For those who believe that "wardrobe malfunction"s and sex-crazed hip-hop heroes are inarguable proof of the coarsening of our culture and an omen of the decline of western civilization, this compilation will set you straight. Lascivious music is not a modern invention, but long part and parcel of the American scene, with Eat to the Beat: The Dirtiest of the Dirty Blues pulling together "The Dirtiest of Their Dirty Blues," as the subtitle baldly states. That's no idle boast, these 28 songs are enough to give a censor conniptions and send the modest into a swoon of shock. Sure, some of the songs are loosely veiled in metaphor, but there's no mistaking the meaning of "Rotten Cocksuckers' Ball," "Somebody Else Was Suckin' My Dick Last Night," or "Mother Fuyer."
Jaw dropping indeed, but in case you still don't believe what you're hearing, the enclosed booklet boldly reproduces every song's lyrics. Amazingly, the bulk of them were cut in the post-war period for jukebox play, where the raunchiest of the bunch proved the biggest money-spinners. The rise of formatted radio put paid to the jukebox's power, and led inevitably to the swift demise of this popular, if now risqu‚ art form.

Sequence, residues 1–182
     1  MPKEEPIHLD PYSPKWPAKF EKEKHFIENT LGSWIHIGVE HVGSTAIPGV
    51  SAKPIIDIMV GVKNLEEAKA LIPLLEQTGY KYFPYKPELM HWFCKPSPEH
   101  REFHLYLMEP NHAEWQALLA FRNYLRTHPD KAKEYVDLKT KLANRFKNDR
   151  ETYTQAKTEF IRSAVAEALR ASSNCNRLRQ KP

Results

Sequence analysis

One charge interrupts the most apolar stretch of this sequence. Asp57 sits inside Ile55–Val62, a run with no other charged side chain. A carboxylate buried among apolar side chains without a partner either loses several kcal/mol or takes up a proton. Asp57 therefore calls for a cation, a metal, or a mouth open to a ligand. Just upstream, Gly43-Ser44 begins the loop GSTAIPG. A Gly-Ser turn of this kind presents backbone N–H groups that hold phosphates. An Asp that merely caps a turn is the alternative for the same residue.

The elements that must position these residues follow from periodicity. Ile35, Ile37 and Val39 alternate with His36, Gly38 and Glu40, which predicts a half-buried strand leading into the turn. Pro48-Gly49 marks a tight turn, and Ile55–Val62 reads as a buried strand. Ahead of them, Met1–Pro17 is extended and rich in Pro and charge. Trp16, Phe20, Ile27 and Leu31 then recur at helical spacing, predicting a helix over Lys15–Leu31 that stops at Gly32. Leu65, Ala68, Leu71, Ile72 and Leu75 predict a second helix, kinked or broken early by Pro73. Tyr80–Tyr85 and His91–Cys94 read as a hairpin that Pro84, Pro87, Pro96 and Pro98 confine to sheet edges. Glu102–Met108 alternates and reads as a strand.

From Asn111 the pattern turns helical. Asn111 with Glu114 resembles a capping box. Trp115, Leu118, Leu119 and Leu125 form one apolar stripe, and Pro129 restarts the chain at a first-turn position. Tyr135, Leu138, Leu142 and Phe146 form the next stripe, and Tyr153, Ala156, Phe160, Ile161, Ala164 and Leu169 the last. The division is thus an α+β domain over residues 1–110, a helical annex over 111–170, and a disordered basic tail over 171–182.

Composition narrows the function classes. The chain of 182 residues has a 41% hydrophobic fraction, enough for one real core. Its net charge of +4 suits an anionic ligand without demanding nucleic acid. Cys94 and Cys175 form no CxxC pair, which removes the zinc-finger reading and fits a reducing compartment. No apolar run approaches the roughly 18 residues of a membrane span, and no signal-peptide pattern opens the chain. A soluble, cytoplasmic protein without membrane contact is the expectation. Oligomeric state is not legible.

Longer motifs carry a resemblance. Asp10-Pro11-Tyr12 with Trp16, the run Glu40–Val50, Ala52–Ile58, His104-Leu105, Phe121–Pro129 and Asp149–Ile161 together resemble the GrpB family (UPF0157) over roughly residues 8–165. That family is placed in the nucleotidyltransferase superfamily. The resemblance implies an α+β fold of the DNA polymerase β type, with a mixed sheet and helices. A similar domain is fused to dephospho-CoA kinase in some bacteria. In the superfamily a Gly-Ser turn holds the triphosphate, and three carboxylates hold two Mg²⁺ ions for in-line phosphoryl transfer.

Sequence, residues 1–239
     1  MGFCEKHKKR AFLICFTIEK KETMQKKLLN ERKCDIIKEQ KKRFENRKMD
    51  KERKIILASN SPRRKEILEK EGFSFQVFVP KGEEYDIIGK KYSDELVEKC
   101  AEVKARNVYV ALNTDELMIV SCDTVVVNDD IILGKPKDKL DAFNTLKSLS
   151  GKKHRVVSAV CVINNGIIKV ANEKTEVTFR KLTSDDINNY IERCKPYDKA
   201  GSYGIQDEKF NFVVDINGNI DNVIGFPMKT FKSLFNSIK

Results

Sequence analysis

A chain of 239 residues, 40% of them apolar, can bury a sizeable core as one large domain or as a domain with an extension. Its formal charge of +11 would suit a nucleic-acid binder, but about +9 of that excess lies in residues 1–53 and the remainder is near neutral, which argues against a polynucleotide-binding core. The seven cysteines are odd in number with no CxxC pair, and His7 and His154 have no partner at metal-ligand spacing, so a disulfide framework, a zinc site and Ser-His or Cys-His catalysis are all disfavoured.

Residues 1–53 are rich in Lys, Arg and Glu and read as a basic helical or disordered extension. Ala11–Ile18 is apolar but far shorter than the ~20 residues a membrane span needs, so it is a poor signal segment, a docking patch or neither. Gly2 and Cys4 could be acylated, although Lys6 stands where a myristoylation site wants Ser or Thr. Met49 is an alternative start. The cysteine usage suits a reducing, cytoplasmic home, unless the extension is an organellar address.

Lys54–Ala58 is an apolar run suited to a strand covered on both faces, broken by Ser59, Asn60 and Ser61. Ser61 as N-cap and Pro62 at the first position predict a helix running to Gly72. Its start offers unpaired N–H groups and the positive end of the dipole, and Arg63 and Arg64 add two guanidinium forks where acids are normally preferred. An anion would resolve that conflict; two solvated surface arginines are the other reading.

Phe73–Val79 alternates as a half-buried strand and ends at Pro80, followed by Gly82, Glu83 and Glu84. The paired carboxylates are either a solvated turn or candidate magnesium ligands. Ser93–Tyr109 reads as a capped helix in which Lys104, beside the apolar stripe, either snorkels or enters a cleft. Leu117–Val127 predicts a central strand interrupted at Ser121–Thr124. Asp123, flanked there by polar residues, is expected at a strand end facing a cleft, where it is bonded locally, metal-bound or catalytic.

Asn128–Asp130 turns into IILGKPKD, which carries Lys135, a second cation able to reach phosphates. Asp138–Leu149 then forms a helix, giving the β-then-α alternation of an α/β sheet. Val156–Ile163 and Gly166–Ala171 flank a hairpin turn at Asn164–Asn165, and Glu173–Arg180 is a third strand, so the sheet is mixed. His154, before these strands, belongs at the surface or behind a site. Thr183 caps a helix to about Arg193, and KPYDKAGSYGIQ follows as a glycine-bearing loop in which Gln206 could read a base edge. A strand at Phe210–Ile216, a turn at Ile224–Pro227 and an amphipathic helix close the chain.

The sumptuous packaging belies the grit within, with the CD enclosed in a cardboard digipack that resembles an old vinyl sleeve, and a 90-page booklet providing bios of every artist within, info on each song, and, of course, the lyrics. As for the music itself, blues is only one of the featured styles, big-band jazz, boogies, R&B, doo wop, and bebop all raise their salacious heads to boot. Performing the provocative numbers are a host of international names -- Jackie Wilson, Dinah Washington, Screamin' Jay Hawkins, the Clovers and the Dominoes among them, as well as stars instantly recognizable to any blues/R&B fans. Deft remastering restores the numbers to as pristine-as-possible quality, a must for collectors. And while collectors are obviously the main market for this compilation, so much great music and fun are to be found within that one suspects modern bands will soon be offering up covers, samples, and snippets of many of these songs in the near future. ~ Jo-Ann Greene
Dirty Linen (p.65) - "Songs like 'Hard Driving Blues' and 'Move Your Hand, Baby' were hits on big-city juke boxes..."